Pearson, S.R. and Shipway, P.H.
Is the wear coefficient dependent upon slip amplitude in fretting?: Vingsbo and Söderberg revisited.
More than 25 years ago, Vingsbo and Söderberg published a seminal paper regarding the mapping of behaviour in fretting contacts (O. Vingsbo, S. Söderberg, On fretting maps, Wear, 126 (1988) 131–147). In this paper, it was proposed that in the gross-slip fretting regime, the wear coefficient increased by between one and two orders of magnitude as the fretting displacement amplitude increased from around 20 µm to 300 µm (defined as the limits of the gross-slip regime).
Since the publication of this paper, there have been many papers published in the literature regarding fretting in the gross-sliding regime where such a strong dependence of wear coefficient upon fretting displacement has not been observed, with instead, the wear coefficient being shown to be almost independent of fretting amplitude. Indeed, many researchers have demonstrated that there is a good correlation between wear volume and frictional energy dissipated in the contact for many material combinations, with the additional insight that a threshold in energy dissipated in the contact exists, below which no wear is observed (experimental data relating to fretting of a high strength steel is presented in the current paper which supports this concept).
It is argued that in deriving a wear coefficient in fretting, there are two key considerations which have not always been addressed: (i) the far-field displacement amplitude is not an adequate substitute for the slip amplitude (the former is the sum of the latter together with any elastic deformation in the system between the contact and the point at which the displacement is measured); and (ii) there is a threshold in the fretting duration, below which no wear occurs and above which the rate of increase in wear volume with increasing duration is constant (this constant may be termed the wear coefficient, ktrue). Not addressing these two issues results in the derivation of a nominal wear coefficient (knominal) which is always less than ktrue. A simple analysis is presented which indicates that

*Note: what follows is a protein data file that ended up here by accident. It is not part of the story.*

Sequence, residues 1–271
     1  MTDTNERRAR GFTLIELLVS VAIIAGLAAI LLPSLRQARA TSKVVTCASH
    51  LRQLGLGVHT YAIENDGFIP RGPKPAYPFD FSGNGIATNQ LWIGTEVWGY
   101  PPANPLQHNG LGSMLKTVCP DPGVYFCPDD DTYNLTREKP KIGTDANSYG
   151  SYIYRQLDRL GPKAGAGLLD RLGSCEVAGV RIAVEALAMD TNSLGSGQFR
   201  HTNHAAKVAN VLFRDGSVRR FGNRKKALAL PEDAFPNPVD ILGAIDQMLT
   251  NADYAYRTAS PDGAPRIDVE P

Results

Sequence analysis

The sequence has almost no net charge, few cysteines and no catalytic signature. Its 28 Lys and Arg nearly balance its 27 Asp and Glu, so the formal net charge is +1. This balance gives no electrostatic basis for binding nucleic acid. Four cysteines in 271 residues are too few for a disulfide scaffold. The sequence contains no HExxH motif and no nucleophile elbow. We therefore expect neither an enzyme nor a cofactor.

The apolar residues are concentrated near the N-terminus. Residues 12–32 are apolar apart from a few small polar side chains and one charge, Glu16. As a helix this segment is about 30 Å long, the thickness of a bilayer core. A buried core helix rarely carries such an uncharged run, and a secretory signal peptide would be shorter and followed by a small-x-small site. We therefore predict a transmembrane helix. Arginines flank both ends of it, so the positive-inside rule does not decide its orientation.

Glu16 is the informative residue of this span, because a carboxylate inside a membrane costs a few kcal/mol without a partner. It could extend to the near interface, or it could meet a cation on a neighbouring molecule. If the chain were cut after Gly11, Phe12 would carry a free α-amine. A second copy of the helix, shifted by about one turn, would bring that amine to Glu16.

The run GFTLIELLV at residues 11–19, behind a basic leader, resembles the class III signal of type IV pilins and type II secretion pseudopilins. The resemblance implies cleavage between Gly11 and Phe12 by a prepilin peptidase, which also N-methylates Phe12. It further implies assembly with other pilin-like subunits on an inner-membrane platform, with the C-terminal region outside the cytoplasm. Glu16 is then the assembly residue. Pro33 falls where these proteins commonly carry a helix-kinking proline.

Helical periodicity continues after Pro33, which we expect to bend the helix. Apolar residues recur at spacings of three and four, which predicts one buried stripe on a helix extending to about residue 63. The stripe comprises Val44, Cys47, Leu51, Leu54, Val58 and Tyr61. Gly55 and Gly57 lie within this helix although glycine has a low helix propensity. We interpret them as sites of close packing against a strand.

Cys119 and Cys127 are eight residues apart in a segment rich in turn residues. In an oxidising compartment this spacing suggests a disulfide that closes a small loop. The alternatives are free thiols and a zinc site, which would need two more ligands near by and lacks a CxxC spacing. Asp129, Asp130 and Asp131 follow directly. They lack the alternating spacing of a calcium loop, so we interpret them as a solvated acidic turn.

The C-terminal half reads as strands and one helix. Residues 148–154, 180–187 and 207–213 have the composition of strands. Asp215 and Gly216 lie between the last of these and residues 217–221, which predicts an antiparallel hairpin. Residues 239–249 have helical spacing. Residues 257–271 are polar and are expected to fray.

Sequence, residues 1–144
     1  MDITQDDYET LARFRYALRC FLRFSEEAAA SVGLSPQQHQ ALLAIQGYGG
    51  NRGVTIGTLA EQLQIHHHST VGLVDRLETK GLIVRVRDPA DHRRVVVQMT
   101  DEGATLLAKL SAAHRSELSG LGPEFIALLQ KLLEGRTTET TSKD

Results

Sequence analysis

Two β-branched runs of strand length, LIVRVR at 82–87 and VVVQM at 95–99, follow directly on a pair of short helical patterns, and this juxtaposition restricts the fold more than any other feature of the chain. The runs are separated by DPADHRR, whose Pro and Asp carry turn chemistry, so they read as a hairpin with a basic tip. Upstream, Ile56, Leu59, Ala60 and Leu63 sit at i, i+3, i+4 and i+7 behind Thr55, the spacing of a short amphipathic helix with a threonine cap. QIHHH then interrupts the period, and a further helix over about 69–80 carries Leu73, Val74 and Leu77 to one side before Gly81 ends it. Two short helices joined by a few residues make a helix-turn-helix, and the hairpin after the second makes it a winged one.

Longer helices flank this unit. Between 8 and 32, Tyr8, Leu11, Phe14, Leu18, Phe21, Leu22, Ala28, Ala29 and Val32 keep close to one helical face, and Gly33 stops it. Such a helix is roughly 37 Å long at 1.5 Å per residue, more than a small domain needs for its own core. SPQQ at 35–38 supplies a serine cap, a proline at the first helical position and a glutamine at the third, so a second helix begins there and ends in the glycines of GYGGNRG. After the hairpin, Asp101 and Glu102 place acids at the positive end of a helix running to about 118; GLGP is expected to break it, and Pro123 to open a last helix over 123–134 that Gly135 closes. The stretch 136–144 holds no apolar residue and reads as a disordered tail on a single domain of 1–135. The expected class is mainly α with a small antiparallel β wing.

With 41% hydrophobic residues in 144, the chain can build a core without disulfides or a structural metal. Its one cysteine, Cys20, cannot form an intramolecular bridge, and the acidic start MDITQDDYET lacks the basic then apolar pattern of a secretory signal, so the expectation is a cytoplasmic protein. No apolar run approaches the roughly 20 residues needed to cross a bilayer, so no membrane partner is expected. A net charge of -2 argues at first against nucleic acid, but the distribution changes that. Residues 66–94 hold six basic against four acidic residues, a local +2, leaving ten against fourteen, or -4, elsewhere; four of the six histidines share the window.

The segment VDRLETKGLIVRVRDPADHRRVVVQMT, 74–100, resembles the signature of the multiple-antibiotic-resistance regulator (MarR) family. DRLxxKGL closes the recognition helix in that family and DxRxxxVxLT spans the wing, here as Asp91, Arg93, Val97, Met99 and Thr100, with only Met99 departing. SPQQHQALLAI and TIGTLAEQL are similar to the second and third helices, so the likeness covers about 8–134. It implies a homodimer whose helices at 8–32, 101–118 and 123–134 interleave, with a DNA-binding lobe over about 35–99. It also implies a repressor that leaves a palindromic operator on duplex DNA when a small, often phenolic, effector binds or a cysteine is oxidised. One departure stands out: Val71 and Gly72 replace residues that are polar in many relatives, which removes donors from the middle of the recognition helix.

knominal / ktrue = 1 - A - B
where A is associated with erroneously utilising the far field displacement amplitude in place of the contact slip amplitude in the calculation of the wear coefficient and B is associated with the failure to recognise that there is a threshold in fretting duration below which no wear occurs.
A and B are shown to depend upon the tractional force required to initiate sliding (itself dependent upon the applied load and coefficient of friction), the system stiffness, the applied displacement amplitude, the threshold fretting duration below which no wear occurs and the number of fretting cycles in the test. Using typical values of these parameters, the ratio of knominal to ktrue has been shown to be strongly dependent upon the applied displacement amplitude over the range addressed by Vingsbo and Söderberg (with the ratio rapidly decreasing by an order of magnitude over this range). As such, it is argued that ktrue shows no strong dependence on slip amplitude in fretting, and that the strong dependence of knominal upon displacement amplitude presented by Vingsbo and Söderberg does not imply a change in ktrue as is often inferred.
The routine recording of force–displacement loops in fretting is a major experimental advancement which has taken place since the publication of the paper by Vingsbo and Söderberg. It is argued that this technique must be routinely used to allow the correct interpretation of wear data in terms of the actual slip amplitude (or energy dissipated); moreover, a range of conditions should be experimentally examined to allow the threshold fretting duration below which no wear has occurred to be evaluated and its significance assessed.
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